• Revival of the Kisumu Port to promote local and regional trade, create employment, support commercial, agriculture and industrial development.
• Operations at the Kisumu Port use manual labour to transfer cargo stored in the warehouse to the waiting vessels.
The Kenya Ports Authority on Sunday began transporting equipment to the Kisumu Port ahead of the launch next month.
President Uhuru Kenyatta is expected to commission the facility that has been idle for several years. The national government has invested Sh3 billion for the port's revival.
KPA managing director Daniel Manduku yesterday told the Star that they have started taking equipment that includes forklift trucks, mobile cranes and tractor-trailers to Kisumu.
“Currently, manual labour is used at the port to transfer cargo stored in the warehouse to vessels. Therefore, we need 15-tonne mobile cranes, forklifts trucks and tractor-trailers to support cargo handling,” Manduku said.
Opposition chief Raila Odinga, Transport Cabinet Secretary James Macharia, PS Esther Koimett, Manduku and other top government officials on Saturday inspected the progress of the rehabilitation works.
Their visit comes three weeks after President Kenyatta toured the facility on July 7 after returning from visiting Tanzanian President John Pombe Magufuli.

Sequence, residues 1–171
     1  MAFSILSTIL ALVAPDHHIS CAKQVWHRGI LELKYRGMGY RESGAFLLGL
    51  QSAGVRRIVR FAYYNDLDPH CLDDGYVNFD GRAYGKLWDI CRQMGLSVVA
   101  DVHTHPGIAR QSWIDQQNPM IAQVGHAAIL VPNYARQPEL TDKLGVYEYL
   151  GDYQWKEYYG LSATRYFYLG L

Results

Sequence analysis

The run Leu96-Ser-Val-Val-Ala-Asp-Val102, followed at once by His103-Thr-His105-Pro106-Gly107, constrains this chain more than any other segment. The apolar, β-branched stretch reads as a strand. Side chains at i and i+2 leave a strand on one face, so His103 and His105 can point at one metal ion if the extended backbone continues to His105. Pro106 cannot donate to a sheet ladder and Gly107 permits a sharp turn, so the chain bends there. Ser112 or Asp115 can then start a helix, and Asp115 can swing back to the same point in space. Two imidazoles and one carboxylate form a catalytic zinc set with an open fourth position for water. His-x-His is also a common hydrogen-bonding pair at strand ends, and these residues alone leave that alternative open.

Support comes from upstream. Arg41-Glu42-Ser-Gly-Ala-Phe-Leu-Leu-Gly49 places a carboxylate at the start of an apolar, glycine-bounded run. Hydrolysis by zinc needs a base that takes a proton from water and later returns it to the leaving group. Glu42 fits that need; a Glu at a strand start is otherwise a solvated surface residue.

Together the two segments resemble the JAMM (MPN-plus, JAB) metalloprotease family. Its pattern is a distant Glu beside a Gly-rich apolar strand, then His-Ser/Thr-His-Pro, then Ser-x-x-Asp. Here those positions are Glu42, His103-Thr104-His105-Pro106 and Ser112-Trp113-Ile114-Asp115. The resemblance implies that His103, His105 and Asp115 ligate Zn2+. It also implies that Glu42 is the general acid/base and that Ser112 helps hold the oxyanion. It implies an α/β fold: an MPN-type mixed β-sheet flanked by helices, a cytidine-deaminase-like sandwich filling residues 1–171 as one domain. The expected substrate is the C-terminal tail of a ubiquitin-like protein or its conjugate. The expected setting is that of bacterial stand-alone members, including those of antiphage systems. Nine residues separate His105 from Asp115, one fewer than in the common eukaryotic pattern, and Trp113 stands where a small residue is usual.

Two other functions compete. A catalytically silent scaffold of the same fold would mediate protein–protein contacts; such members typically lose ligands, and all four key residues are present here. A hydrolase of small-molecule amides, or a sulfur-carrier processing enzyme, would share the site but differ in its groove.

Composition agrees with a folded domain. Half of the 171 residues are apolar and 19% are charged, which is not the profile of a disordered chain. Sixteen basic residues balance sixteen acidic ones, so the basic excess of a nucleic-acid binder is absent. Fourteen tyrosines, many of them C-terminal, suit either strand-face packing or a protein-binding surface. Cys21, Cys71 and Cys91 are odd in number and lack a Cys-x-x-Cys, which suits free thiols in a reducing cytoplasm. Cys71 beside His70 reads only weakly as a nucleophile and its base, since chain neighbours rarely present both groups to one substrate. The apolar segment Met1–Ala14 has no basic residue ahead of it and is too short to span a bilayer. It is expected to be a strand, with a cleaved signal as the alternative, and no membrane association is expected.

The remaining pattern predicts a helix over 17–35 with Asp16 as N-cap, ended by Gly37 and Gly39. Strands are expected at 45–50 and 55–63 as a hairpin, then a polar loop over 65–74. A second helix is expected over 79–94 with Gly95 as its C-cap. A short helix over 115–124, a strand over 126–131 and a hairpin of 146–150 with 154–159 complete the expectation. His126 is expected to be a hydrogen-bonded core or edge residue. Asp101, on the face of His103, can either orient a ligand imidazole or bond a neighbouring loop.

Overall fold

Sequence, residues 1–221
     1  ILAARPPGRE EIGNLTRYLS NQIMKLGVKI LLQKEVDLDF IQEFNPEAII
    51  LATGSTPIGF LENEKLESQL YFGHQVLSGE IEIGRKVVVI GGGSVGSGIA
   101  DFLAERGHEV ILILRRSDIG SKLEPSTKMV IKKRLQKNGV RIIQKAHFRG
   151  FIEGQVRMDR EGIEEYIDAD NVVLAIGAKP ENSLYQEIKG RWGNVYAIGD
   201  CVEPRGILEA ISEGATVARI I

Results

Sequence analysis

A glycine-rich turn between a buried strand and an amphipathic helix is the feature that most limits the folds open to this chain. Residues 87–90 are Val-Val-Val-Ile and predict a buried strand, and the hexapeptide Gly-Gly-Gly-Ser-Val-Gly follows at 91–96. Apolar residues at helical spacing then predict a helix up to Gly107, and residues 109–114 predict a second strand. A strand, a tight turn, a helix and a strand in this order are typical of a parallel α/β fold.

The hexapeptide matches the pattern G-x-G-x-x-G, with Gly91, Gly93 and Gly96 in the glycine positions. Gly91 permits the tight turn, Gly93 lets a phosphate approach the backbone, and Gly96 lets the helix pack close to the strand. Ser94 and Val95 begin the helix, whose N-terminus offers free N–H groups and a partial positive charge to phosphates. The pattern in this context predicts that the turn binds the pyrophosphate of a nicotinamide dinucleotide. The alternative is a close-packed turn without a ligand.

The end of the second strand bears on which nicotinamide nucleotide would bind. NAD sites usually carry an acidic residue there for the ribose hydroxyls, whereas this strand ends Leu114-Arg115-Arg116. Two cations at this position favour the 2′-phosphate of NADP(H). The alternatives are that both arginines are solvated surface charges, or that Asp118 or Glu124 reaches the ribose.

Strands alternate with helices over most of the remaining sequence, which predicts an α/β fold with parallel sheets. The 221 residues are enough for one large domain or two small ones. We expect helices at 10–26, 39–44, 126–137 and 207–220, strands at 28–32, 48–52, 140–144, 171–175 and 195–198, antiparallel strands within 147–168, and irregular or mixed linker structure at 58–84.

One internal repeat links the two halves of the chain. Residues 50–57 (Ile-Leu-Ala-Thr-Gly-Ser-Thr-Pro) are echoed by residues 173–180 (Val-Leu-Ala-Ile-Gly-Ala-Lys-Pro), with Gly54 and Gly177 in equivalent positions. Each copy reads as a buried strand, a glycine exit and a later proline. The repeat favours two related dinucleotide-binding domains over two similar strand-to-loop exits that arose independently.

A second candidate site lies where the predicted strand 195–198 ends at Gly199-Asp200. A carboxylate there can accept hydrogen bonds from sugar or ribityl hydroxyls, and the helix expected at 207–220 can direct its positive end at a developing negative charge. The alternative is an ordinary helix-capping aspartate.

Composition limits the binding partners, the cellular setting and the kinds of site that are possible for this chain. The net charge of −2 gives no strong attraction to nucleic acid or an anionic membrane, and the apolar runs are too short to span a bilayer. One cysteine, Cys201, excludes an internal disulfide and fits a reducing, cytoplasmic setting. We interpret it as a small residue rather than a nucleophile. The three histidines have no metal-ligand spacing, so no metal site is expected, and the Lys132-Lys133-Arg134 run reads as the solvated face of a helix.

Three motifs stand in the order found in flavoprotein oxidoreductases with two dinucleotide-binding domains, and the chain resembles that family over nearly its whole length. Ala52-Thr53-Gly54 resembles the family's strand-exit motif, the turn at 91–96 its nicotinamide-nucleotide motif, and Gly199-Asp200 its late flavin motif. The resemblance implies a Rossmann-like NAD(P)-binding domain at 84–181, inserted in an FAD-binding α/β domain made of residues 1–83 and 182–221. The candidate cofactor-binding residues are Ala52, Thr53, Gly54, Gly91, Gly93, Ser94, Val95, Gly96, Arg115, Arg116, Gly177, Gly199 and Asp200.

On June 14, Uhuru and Raila made an impromptu tour of the port to check the progress of construction work.
Manduku said the President is keen to revive the port because it will promote local and regional trade, create employment, support commercial, agriculture and industrial development around the lake region.
“The project will promote the lake shipping industry and its auxiliary services. It will promote local and regional trade to benefit the East African Community,” the MD said.
The key rehabilitation works being undertaken by the government include paving the open areas, putting efficient drainage and improving access roads for trucks, tractors, trailers and forklift trucks.
The Kisumu Port, which has three berths, has only one warehouse.
The KPA boss said the warehouse is enough to handle all arriving cargo because the standard gauge railway freight services to Kisumu have not begun.
“Currently, there is no SGR connection to Kisumu, therefore, the existing warehouse would be enough for the next 10 years. After that, a second warehouse would be builty behind the existing one, doubling the storage facility,” Manduku said.
The infrastructure at the port is old and will need to be maintained, he said.
Among the proposed maintenance works include; dredging to achieve the desired depth of six metres along berths, desired depth of 8 metres along the access channel and removal of wreck interfering with shipping and navigation aids.
To support the maritime industry on Lake Victoria, Manduku said, it is also important for the shipyard at the port to remain operational.
“KPA is better positioned to provide and maintain the shipbuilding and repairing yard infrastructure. Operations at the shipyard can, however, be done by private companies, directly contacted by shipowners."
Edited by R.Wamochie